When cancer starts in another organ or place in the body and then spreads to the liver it is called metastatic liver cancer. This type of cancer, which is also known as metastatic liver cancer, actually has the characteristics of the original cancer and is treated differently from primary liver cancer, which is cancer that develops in the liver. A variety of factors, such as the general health of the cancer patient, his or her age, the status of the original cancer and how severe the metastasis is can all significantly affect a metastatic liver cancer prognosis.
Secondary liver cancer is most likely to metastasize from certain other types of cancer. These include colorectal cancer, breast cancer, stomach cancer, pancreatic cancer, kidney cancer, lung cancer, esophageal cancer, melanoma and adrenal cancer. Metastatic liver cancer prognosis depends in part on the site of the original cancer and how severe that cancer is.
The liver’s role filtering all of the blood from the body, sifting out toxins, means it is not uncommon for the liver to be the only site of metastasis from cancer elsewhere in the body when it is first discovered. It is possible that metastatic cancer may be found in the liver before the original tumor is discovered. Regardless of whether the site of the primary cancer is known, early treatment improves the metastatic liver cancer prognosis.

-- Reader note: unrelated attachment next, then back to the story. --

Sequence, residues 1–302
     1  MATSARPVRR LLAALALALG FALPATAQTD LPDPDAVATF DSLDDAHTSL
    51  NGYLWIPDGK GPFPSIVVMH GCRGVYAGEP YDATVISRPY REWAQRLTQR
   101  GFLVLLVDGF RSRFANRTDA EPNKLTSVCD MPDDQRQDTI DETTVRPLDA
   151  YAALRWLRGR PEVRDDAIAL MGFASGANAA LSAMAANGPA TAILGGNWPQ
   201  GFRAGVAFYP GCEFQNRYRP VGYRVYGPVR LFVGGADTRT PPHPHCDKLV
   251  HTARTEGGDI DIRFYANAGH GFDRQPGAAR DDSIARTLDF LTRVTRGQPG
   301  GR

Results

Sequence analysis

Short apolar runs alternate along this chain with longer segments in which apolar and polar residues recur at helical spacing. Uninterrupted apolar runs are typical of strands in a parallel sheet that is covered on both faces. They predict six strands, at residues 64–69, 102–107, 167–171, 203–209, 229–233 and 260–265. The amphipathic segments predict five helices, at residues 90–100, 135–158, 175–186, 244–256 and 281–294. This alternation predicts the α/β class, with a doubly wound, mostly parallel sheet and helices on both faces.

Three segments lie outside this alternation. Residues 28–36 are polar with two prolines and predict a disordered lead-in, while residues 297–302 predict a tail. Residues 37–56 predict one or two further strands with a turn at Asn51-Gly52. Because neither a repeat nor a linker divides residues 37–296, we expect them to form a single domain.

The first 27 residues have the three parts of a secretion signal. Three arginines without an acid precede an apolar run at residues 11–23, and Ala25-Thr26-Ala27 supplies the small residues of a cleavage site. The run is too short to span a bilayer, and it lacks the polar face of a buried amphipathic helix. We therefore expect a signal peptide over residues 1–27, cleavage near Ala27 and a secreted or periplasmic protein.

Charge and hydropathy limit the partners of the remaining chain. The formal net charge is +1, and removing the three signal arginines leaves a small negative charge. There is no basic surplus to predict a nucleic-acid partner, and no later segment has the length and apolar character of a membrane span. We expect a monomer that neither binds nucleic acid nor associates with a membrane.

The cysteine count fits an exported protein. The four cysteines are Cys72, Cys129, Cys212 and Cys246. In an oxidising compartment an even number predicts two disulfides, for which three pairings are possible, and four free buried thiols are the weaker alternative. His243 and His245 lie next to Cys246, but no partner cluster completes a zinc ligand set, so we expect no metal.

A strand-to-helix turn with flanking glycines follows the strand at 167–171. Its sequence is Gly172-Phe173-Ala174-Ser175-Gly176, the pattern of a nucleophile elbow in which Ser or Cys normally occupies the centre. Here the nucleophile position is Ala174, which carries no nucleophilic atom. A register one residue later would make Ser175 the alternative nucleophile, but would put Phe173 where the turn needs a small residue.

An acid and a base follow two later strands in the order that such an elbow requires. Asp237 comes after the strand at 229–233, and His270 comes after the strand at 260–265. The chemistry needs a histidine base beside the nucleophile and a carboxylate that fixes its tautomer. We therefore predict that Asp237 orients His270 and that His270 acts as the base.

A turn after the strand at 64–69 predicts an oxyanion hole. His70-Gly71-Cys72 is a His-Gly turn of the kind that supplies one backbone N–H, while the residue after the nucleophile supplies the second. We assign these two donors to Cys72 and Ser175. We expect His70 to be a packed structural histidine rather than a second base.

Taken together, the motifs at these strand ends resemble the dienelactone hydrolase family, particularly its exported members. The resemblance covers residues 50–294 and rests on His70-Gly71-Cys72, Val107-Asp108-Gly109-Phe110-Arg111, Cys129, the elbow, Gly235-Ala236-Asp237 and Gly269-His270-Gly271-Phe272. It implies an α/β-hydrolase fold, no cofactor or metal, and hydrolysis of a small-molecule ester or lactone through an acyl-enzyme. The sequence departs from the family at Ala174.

Several tests are used to evaluate secondary liver cancer. A gamma positron emission tomography (PET) scan looks at sugar uptake in the liver, in order to diagnose cancer as early as possible. The extreme drug resistance test (EDR) is used to evaluate how resistant a solid tumor will be to certain chemotherapy drugs. A magnetic resonance imaging (MRI) scan is done to help doctors accurately evaluate the liver. Together, all of these tests help indicate how treatable the cancer is and how much damage has been done to the liver, and, ultimately help doctors establish a metastatic liver cancer prognosis.
Symptoms of secondary liver cancer such as pain, unexplained weight loss, jaundice, confusion, fever, nausea and sweats indicate that the cancer is interfering with the function of the liver. The longer these symptoms go on, indicating continuing damage to the liver, the more likely the cancer patient is to end up with a poor metastatic liver cancer prognosis. As with any cancer, the earlier it is detected and treated, the better the chance for a cure.